It’s a huge mess – and shovelling millions more taxpayers money towards buying existing homes (which of course fuels demand and increases costs for first time buyers) is not a long term solution.

 

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6 Comments

  1. Jo

    After following policy for years I’m dubious the authority even want to solve this issue. The government could give them far more powers and they’d find excuses not to provide what is needed. If half of those in charge lived a few miles south how many would be wearing blue rosettes? Then again, they’d be too tory even for Bromley.

    The issues are:

    1) Many are old and havn’t a clue about the reality for younger generations. Compare it to a far greater number of young cllrs in many other Labour councils who experience the current reality firsthand.

    2) With an older demographic comes comfort for many of them as they bought when average prices were far less than today. How many Labour cllrs live on council estates?

    3) Even worse, many are landlords or multiple home owners themselves. See how many excuse themselves from council debates on second homes due to conflict of interest.

    The council buying up loads of homes instead of building new ones doesn’t hurt them. In many ways it helps them.

  2. anonymous201486

    Councils could vastly improve the housing crisis by thinking differently. Modular homes are quick and inexpensive to build and the 30% that the government currently allows to be taken out of right to buy sales could go a lot further.

    The truth is that London boroughs, in common with metropolitan councils all over the country, do not want to solve the housing problem and would rather export the poor out of their area.

    The wealth of this country is tied up in land and property, but fewer people is able to get a footing. If everyone had somewhere decent to live, where would big developer and buy to let landlords make their money?

  3. Graham

    There are also a lot of homeless people in the Borough that have come to Greenwich hoping to be housed form other London Boroughs, from other areas around the UK and from overseas who want to be housed with in Greenwich Borough.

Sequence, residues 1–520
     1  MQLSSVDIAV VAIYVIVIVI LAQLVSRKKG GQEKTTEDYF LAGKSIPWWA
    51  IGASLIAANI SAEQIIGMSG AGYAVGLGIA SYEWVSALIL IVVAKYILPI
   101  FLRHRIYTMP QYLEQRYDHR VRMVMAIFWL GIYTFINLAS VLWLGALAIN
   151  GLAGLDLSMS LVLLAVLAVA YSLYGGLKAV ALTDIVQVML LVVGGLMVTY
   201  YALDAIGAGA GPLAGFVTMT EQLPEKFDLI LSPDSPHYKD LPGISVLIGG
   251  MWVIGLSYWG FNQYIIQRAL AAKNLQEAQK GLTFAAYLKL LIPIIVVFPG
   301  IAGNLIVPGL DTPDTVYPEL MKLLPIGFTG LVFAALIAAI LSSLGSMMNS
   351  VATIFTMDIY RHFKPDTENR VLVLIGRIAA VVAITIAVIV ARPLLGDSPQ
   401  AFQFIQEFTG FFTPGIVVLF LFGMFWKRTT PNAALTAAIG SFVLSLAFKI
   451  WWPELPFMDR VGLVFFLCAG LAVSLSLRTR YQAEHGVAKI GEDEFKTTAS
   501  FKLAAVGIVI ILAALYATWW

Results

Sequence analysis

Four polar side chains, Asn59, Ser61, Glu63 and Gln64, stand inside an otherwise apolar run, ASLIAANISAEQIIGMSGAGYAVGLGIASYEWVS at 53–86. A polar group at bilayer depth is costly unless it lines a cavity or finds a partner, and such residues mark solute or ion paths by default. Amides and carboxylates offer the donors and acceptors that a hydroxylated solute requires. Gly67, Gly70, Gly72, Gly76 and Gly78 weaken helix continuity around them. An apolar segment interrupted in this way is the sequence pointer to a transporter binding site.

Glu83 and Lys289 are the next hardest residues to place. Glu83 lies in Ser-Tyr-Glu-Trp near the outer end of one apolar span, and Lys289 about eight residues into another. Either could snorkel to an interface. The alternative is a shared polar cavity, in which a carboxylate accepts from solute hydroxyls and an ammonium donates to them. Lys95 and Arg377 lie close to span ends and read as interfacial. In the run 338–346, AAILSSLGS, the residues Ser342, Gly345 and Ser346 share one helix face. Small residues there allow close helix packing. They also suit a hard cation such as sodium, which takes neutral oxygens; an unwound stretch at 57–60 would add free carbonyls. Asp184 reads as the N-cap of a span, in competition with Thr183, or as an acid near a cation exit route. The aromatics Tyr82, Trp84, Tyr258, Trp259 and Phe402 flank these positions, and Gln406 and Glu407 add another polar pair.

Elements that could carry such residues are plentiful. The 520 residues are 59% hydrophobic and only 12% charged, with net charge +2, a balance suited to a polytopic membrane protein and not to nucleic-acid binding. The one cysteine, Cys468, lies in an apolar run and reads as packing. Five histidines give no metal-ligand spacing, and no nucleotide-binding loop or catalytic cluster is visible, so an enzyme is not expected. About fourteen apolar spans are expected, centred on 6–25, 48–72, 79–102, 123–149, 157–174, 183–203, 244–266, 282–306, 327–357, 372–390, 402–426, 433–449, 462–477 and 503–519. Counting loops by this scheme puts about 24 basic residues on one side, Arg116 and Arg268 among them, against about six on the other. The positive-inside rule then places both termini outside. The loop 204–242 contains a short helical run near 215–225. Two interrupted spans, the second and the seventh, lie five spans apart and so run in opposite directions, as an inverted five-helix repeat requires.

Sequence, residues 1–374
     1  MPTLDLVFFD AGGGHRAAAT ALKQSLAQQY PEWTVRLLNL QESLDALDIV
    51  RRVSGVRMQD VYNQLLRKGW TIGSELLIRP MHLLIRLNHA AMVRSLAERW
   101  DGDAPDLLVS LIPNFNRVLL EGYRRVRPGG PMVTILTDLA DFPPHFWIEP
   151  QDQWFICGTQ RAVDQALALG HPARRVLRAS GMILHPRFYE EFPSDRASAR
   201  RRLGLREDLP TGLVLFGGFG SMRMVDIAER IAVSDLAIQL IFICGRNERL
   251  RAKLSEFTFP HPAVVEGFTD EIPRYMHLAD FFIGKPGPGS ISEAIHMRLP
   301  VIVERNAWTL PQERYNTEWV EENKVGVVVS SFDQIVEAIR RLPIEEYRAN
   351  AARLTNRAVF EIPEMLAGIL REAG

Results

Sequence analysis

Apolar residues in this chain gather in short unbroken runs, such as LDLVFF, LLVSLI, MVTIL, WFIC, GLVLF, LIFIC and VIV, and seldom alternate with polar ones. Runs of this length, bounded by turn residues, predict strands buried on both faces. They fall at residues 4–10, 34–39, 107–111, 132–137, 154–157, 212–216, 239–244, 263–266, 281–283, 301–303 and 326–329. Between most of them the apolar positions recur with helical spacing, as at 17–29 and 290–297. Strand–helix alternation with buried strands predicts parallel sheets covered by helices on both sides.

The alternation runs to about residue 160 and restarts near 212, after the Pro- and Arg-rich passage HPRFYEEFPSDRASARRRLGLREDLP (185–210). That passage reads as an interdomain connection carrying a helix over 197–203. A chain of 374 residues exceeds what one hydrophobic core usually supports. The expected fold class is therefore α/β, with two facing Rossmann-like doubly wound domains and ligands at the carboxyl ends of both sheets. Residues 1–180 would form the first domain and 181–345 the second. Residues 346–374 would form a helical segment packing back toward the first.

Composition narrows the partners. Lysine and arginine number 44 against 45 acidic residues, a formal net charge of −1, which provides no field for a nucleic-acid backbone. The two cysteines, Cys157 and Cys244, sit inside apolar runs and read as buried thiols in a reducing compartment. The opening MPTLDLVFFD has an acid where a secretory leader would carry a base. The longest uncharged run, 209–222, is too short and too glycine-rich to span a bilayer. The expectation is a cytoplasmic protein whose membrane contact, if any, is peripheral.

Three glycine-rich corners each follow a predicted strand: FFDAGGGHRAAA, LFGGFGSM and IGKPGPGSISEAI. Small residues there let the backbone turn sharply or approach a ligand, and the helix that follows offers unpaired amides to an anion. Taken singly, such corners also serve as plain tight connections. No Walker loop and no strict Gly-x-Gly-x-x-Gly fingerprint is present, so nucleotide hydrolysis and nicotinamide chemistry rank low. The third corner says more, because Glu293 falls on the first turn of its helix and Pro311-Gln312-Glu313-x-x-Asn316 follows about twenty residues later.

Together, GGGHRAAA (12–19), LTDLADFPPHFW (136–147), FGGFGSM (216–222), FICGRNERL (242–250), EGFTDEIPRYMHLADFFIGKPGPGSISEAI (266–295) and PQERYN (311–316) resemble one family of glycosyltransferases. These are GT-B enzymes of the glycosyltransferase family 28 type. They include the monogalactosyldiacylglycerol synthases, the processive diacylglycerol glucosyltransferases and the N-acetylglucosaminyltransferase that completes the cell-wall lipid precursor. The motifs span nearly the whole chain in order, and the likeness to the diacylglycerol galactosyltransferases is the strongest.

Before I get shot down in flames I work with homeless people and I try to get them back in touch with their estranged families to see if there is anyway they could return home or be re-housed nearer to their families by the Local Authority where the used to live,

    But have to agree with Jo and anonymous201486 that Local Authorities in London and around the UK do not want to solve their housing problem and pass the buck between each other.

    Hundreds of thousands of pounds given to GLLAB (Greenwich Local Labour and Business) could have gone towards supporting the homeless many of whom are vulnerable or have addictions.

    • Charles Calthrop

      In the late 90s I remember applicants for Westminster Council housing were being sent out to the (then new) estates at Beckton instead of the hoped-for flat off Dorset Square or Church Street. Many were encouraged to come to the UK by family who had purchased their flat from the Council and were hoping for a similar break in a desirable part of a modern European country. I imagine that Greenwich would prefer to shift the new poor outside of its borders and concentrate on those who can buy into the glamour of living ‘where time began’..

  4. Joe F

    I live in the Borough and would quite happily sell my flat back to the Council but that isn’t going to happen if they’re wheeling out an average price of £334,372 for a flat purchase in the borough (see .pdf link in the above article).

    £334,372!

    My flat would be barely a third of that price to buy back but you just know that the Council will wheel that figure out as a reason not to buy in-borough. Since new landlord legislation which has come in recently, I would hazard a guess that there would be more than a few landlords who would be prepared to sell their ex-council flats for an easier life (I’m not a landlord incidentally).

    As suggested elsewhere, the will simply doesn’t appear to be there to make this work and truly help the homeless.

  5. Graham

    Agreed Joe. However, It not only the homeless that need help, It is people that are classed as low priority (single people and childless couples) that are stuck on the social housing list for years and years and forced in to privately rented accommodation that they struggle to afford.

    These two groups of people receive very little help and support from Local Authorities to find more suitable affordable homes.